Sales of vegan protein in the U.S. last year grew over 20 percent as consumers have begun to rotate their protein just as they do their dairy choices. This isn’t just exclusive to the U.S., either. In countries where those films may not be in the Netflix queue, consumers are eating more plant-based food than ever before, too. Governments are encouraging citizens to decrease their meat consumption. Meatless Mondays, Veganuary, and Green Monday campaigns are moving consumers toward healthier diets where people are seeing massive weight loss and reversing conditions like diabetes and heart disease.
The evolution of our food system, just like the evolution of our technology and our communication, appears to be inevitable. Tyson, the nation’s largest producer of beef, pork, and chicken, has invested in vegan meat company Beyond Meat as well as in slaughter-free clean meat. The company’s CEO has even rallied in favor of vegan food, calling it the future of protein. They’re not alone. All major food companies are expanding and diversifying their options to meet the growing demand for vegan food. Campbell’s recently left the Grocery Manufacturers Association for the Plant Based Foods Association.
This is even despite efforts by the meat and dairy industries to suppress vegan businesses. In the U.S. the FDA is now looking into the standards of identity for dairy-free milk products because of pressure from the struggling dairy industry. For more than half a century, consumers have been buying culinary coconut milk with no complaints from dairy producers. Soy and rice milk have lined allergen-friendly shelves for decades. It’s only in the wake of the exploding nondairy milk category that dairy producers are saying they own the rights to those terms.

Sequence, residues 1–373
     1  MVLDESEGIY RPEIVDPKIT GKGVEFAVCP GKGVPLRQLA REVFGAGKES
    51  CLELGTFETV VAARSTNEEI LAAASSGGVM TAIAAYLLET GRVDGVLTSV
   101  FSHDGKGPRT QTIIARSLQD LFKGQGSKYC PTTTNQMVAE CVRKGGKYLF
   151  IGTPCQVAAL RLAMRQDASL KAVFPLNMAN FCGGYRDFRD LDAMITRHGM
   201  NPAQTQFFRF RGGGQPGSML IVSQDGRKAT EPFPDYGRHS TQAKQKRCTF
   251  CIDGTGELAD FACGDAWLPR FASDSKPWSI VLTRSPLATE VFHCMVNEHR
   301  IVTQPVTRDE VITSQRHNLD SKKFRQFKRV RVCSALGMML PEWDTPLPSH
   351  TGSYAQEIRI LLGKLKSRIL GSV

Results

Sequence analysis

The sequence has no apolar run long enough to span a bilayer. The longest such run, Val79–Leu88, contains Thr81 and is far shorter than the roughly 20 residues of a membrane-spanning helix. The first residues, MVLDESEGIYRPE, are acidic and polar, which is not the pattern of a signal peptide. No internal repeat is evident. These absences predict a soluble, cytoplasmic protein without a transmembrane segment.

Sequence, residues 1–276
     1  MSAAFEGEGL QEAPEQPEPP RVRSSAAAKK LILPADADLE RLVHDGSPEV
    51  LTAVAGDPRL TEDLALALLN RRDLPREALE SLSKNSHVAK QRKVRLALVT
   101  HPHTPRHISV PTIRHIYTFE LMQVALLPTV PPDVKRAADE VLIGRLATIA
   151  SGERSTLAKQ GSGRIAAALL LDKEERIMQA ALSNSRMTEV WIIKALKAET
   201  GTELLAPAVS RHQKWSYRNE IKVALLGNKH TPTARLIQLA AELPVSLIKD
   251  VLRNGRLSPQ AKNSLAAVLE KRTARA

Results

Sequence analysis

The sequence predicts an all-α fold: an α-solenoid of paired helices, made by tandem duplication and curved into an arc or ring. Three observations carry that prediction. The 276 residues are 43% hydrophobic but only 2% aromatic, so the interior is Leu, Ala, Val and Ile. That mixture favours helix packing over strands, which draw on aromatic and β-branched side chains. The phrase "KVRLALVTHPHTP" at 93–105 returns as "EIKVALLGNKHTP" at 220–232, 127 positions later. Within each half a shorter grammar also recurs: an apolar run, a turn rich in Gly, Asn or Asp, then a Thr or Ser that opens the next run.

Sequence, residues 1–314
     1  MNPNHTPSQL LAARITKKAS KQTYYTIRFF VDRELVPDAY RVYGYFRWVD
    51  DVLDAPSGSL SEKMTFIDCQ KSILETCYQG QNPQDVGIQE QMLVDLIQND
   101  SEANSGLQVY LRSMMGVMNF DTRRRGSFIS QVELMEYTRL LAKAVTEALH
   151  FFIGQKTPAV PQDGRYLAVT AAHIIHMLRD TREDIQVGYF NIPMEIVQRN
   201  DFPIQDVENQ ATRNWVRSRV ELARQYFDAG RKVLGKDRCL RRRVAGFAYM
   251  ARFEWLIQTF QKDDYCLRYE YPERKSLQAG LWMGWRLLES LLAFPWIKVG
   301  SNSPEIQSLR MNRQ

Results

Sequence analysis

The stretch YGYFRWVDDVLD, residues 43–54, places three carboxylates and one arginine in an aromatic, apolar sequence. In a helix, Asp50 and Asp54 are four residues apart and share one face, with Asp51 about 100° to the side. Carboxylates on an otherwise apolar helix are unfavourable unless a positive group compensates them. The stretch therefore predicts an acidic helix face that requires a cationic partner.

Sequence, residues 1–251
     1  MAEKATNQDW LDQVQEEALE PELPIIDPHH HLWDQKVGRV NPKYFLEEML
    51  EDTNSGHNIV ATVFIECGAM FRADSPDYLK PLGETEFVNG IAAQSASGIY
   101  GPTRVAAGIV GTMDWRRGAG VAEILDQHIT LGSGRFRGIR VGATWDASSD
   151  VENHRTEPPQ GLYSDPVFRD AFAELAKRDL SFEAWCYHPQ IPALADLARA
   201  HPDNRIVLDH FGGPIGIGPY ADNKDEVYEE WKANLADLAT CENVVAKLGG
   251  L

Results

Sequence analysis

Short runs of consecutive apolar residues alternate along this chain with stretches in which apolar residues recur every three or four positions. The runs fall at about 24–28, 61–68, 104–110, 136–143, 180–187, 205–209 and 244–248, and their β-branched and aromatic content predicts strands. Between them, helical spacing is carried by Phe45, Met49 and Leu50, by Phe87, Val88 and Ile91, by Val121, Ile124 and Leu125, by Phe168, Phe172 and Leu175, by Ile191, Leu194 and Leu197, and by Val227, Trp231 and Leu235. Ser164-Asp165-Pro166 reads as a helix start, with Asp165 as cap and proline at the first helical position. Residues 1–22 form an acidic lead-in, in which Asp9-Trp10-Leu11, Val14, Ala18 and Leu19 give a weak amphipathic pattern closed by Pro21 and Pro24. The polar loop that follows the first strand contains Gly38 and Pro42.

France and the state of Missouri both recently passed legislation that will prevent plant-based meat producers from using words we’ve long associated with protein: steak, chops, ribs, burgers. If this rule were to apply to every category, we couldn’t call gluten-free bread “bread” because it contains no wheat. Are rice noodles rice or noodles? We’d be driving Teslas, but not Tesla cars because they have no combustion engines.
But no matter what any of these are being called, consumers aren’t likely to stop buying them.
As humans develop better technology that can eliminate the need to raise and slaughter animals, why wouldn’t we move toward that? If beans can function the same as eggs without the need for billions of chickens every year, is that the smartest choice for our health and our planet? Investors seem to think so, and so do consumers. The “perfect” human diet, it seems, isn’t perfect at all. It’s one that’s constantly improving itself. And plants seem to be the best tool we have.